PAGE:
An Exchange 1 according to the present invention is illustrated in FIG. 1. The Exchange 1 comprises an IP Owner 10, an IP Aggregator 20, Acquirer 30, Other Licensee/Buyer 40, Investors 50, Investment Research 60 and Technical Expertise 70. In one embodiment, the IP Aggregator 20 can be a corporation. In another embodiment, the IP Aggregator 20 can be a joint venture among investors. In yet another embodiment the IP Aggregator 20 may be a limited liability company or other legal entity such as a partnership. The Exchange 1 provides means for determining the value of an intellectual property right and transferring rights in the intellectual property from an intellectual property right holder, aggregating the transferred intellectual property rights in a central facility and further transferring portions of the aggregated intellectual property rights. Each of these elements of the Exchange 1 is described in further detail below.

In the Exchange 1, an IP Owner 10 transfers rights in an intellectual property to an IP Aggregator 20 as illustrated by flow path “a.” IP Owner 10 may be a single owner of an intellectual property right or IP Owner 10 may be a plurality of owners of a plurality of intellectual property rights. The transfer of rights in an intellectual property may be by a license agreement between the IP Owner 10 and the IP Aggregator 20 or the transfer of rights may be by a sale of the rights to the IP Aggregator 20 from the IP Owner 10. Thus, flow path “a” of FIG. 1 represents the sale or license of an intellectual property right from an IP Owner 10 to an IP Aggregator 20. Flow path “a” is hereinafter referred to as “Sale/License ‘a’.” The license of intellectual property from an IP Owner 10 to an IP Aggregator 20 may be either an exclusive license or a non-exclusive license. In one embodiment, IP Aggregator 20 may be a plurality of IP Aggregator 20 wherein each IP Aggregator 20 obtains rights to intellectual property in different technology categories or classes. The IP Aggregator 20 is the owner of the intellectual property rights pool, the intellectual property rights pool comprising the intellectual property rights acquired by the IP Aggregator 20 from the IP Owner 10.

In yet another embodiment, each of the plurality of IP Aggregator 20 may have different investment objectives. The different investment objectives may include, for example, aggregation of a family of intellectual property rights focused on a single technology or technology area; aggregation of a family of intellectual property rights focused on a specific industry; aggregation of intellectual property rights that require further research and development effort to make the intellectual property rights viable for commercialization; or aggregation of intellectual property rights from a plurality of disciplines or technologies which when combined may create new products and/or processes.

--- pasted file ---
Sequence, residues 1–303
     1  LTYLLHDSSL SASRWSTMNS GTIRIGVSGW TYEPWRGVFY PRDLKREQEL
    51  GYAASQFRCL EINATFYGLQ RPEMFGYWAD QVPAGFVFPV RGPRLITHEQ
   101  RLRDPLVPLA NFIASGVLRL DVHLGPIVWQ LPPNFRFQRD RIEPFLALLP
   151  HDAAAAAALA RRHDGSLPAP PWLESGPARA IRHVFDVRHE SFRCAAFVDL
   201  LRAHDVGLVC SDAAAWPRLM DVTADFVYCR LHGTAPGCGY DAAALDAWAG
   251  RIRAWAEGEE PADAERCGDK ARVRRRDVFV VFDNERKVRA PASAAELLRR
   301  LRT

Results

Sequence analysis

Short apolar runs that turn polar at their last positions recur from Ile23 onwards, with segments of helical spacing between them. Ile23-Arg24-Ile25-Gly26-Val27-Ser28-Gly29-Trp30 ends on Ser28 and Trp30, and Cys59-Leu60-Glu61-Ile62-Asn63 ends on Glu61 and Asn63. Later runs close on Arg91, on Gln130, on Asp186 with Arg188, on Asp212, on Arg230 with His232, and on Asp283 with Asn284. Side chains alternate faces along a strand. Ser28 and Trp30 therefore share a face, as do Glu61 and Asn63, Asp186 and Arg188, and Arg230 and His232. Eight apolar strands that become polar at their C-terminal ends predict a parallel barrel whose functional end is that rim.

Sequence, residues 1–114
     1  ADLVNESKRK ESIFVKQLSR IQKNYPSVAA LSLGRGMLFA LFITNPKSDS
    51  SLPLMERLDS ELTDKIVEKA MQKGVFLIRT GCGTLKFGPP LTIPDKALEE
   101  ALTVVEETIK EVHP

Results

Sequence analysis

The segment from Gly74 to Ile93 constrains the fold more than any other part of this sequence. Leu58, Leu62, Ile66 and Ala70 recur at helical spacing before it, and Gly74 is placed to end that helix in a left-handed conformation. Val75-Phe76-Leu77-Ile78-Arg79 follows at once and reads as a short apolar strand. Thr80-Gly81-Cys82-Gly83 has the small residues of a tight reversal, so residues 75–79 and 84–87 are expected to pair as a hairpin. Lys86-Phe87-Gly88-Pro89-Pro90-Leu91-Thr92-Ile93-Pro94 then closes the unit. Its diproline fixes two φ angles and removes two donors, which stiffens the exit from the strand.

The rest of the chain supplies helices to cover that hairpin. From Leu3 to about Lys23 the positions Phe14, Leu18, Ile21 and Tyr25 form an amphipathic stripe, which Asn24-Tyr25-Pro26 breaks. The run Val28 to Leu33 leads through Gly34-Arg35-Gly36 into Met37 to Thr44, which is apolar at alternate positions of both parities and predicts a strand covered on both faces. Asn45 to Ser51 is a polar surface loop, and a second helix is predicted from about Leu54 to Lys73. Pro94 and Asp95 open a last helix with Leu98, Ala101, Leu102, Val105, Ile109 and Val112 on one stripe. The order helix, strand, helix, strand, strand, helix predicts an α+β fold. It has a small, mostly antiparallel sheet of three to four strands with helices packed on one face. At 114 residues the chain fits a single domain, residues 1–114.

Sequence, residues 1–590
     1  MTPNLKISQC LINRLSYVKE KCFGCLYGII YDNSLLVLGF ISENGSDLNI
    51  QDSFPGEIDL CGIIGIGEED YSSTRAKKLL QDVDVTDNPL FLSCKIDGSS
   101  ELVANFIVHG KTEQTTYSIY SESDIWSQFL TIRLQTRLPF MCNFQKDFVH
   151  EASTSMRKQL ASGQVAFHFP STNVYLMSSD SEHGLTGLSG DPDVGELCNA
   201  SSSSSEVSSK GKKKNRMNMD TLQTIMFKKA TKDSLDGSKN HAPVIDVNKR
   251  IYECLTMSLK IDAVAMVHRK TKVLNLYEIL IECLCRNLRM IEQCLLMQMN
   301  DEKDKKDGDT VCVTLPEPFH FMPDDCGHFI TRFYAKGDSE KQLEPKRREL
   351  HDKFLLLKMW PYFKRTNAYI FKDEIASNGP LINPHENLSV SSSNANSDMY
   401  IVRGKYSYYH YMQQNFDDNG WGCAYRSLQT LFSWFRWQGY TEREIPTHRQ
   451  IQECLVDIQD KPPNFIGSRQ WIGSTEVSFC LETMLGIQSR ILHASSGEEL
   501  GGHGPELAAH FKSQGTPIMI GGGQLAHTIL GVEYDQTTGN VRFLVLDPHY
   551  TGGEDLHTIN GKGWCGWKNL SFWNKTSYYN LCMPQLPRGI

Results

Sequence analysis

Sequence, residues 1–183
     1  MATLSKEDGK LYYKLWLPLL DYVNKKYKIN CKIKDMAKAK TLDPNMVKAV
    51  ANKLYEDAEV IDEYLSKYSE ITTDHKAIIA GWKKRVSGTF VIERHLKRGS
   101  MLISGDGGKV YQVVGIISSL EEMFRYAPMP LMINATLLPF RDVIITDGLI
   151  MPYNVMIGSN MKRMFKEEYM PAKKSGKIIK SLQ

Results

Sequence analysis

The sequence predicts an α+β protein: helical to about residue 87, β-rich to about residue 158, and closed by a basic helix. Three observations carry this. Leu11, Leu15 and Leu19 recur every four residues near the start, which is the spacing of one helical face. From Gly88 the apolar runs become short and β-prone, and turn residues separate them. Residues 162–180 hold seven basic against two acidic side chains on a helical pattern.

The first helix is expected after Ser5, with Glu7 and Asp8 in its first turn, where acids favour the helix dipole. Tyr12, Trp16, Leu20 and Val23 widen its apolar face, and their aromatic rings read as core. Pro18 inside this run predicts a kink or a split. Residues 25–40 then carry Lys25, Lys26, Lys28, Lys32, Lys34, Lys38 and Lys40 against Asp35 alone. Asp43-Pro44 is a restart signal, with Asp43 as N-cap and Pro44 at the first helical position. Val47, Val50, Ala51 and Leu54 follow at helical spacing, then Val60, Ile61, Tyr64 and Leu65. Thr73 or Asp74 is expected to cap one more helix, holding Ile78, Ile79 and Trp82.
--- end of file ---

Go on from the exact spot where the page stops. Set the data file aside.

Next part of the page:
The consideration for Sale/License “a” can include any of the well-known forms of consideration used in the sale or license of intellectual property. The IP Owner 10 may elect to receive a payment, a share or shares of stock or other equity interest in the IP Aggregator 20, or some combination of payment and shares as consideration for the license or sale of the intellectual property rights to the IP Aggregator 20. The payment may be a royalty payment or a lump-sum payment. The payment of consideration for Sale/License “a” is illustrated by flow path “b” of FIG. 1. Flow path “b” is hereinafter referred to as “Out-Payment ‘b’.”

The intellectual property and associated intellectual property rights of the present invention include patents, copyrights, trade secrets, know-how and confidential information. Intellectual property rights in patents, copyright and trade secrets arise under statutes enacted by the governmental body having authority over such rights. In the United States, patent rights arise under 35 U.S.C. §1 et seq. Similarly, in countries other than the United States, patent rights arise under the national laws of that country. Copyright also arises under the national laws of countries providing copyright protection. Trade secret rights in the United States arise under statutes enacted by the individual States or under the common law of States which have not enacted statutes protecting trade secret rights. In countries other than the United States, trade secret rights typically arise under the national laws of that country. Know-how and confidential information if not legally definable as trade secrets may be intellectual property rights defined and protected under contract. Accordingly, intellectual property and the associated intellectual property rights as the terms are used with respect to the present invention are as described hereinabove.

Out-Payment “b” is based on a valuation of the intellectual property right transferred in Sale/License “a.” The value assigned to Out-Payment “b” is determined from a determination of the value of the intellectual property right itself (“IPV”) and the value of the aggregated intellectual property rights (“AIPV”). After initialization of the Exchange 1, the value assigned to Out-Payment “b” is the exchange intellectual property right value (“EIPV”). The IPV may be determined using any of the well-known methods for valuing intellectual property rights. These well-known valuation methods include the “cost approach,” the “market approach” and the “income approach.”